The Boston Bruins have already put their brutal October behind them.
The defending Stanley Cup champions opened November with a 5-3 win over the Ottawa Senators on Tuesday night, getting back-to-back goals from Johnny Boychuk and Daniel Paille 47 seconds apart to break open a tie game in the third period.
After going 3-7 in October, the Bruins looked much more like the team that hoisted the Cup in June than the bumbling bunch that returned this fall and finished the opening month with the worst record in the Eastern Conference.
“We were dumping the puck well, retrieving the puck well. I thought that you just could tell we were getting better and better every shift that we did that,” said Chris Kelly, who had a goal and an assist. “I thought for the most part that was the most consistent effort that we've had so far this year.”
Zdeno Chara had two assists for the Bruins, who ended the Senators' six-game winning streak.
Boston outshot Ottawa 41-26 and shut down the NHL's top power play, holding Ottawa scoreless on three chances with the man advantage. Ottawa had 13 power-play goals in its first 12 games.
The Bruins controlled the second period and took a 3-2 lead on goals by Patrice Bergeron and Kelly, then put in two more after Ottawa's Jared Cowen tied it at 3-all on his first NHL goal with 14:56 left in the game.
Boychuk gave Boston a 4-3 lead with a slap shot from the point for his first goal of the season, and less than a minute later Shawn Thornton tipped a pass to Paille for a breakaway goal that put the Bruins up by two.
That was a big enough cushion for Tim Thomas (4-4), who finished with 23 saves.
“We definitely had the puck the most that we've had it all year, at least that's what it felt like,” Thomas said. “We had it in their end and we just had our feet moving.”
Craig Anderson (6-3) stopped 36 shots for Ottawa, which hadn't lost since Oct. 18.
“I think the Stanley Cup champions showed up and they decided they wanted to play. They were determined to win, and the solutions that we had for them weren't working,” Ottawa coach Paul MacLean said. “They were quicker than us. They were on the puck better than we were. They made us play in our end way, way too much. When those things happen, bad things happen.”
Nick Foligno finished with a goal and two assists, and Stephane DaCosta had a goal and his first NHL assist for Ottawa.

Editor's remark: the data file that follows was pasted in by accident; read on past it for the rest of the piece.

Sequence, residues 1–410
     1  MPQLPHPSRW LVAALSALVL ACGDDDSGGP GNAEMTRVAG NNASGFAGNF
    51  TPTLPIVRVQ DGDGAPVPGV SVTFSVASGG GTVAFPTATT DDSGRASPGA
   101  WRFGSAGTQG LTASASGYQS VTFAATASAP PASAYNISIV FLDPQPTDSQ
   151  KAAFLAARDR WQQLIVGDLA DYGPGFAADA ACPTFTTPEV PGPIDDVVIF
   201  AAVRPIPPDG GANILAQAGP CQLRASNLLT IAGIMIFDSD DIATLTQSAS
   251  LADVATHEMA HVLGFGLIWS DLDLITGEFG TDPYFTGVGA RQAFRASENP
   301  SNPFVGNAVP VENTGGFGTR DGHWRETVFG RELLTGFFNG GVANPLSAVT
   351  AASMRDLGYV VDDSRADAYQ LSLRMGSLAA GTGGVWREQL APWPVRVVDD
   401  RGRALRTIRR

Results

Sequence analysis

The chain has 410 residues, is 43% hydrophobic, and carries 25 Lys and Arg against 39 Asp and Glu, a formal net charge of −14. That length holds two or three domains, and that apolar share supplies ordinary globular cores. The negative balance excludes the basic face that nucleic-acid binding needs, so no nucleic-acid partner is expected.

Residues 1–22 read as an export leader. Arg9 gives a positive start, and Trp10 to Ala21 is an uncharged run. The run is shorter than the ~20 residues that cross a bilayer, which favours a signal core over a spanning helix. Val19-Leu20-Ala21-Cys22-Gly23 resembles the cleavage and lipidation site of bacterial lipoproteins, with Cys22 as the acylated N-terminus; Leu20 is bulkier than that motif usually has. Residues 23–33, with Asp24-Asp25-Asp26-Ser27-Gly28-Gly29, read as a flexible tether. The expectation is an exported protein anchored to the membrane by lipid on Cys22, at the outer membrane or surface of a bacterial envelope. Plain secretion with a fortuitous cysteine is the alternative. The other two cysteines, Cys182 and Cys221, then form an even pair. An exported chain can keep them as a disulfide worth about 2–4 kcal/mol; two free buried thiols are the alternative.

After getting outplayed in the second, the Senators grinded out the early part of the third and tied it when Foligno dropped a pass back to the point to Cowen, who fired a slap shot past a screen of players and Thomas' right pad.
But Boychuk tied it on a blast from the point with 13:19 to go, and Paille got loose for a breakaway goal on Anderson with 12:42 left.
“We stayed patient and we stayed strong in the defensive zone,” Paille said. “Toward the end of the game we didn't give them too much.”
Foligno gave Ottawa a 1-0 lead in the first period when he grabbed a loose puck and lofted a backhander off Thomas' blocker. The puck dropped behind him, and Bobby Butler crashed the net for Ottawa, occupying Thomas and the Bruins as the puck trickled across the goal line.
Milan Lucic tied it with a power-play goal with 12:48 left in the first, lifting a rebound over Anderson, but Ottawa struck again barely a minute later.
Foligno pounced on a loose puck and slid a backward pass between his legs to DaCosta, who poked a shot past Thomas as the details of Lucic's goal were being announced to the crowd.
Notes: Ottawa hadn't lost since falling to 1-5 with a 7-2 loss to Philadelphia. ... Bergeron's goal in the second period extended his point streak to five games. ... Chara had his second multipoint game of the season. ... Bergeron tied it at 2-all early in the second on a wrist shot from the slot off a pass from Tyler Seguin during a 3-on-2 rush with Brad Marchand, who also got an assist. ... Shawn Thornton and Ottawa's Zenon Konopka squared off in a long fight just after the opening goal. Neither player made much contact despite throwing numerous haymakers.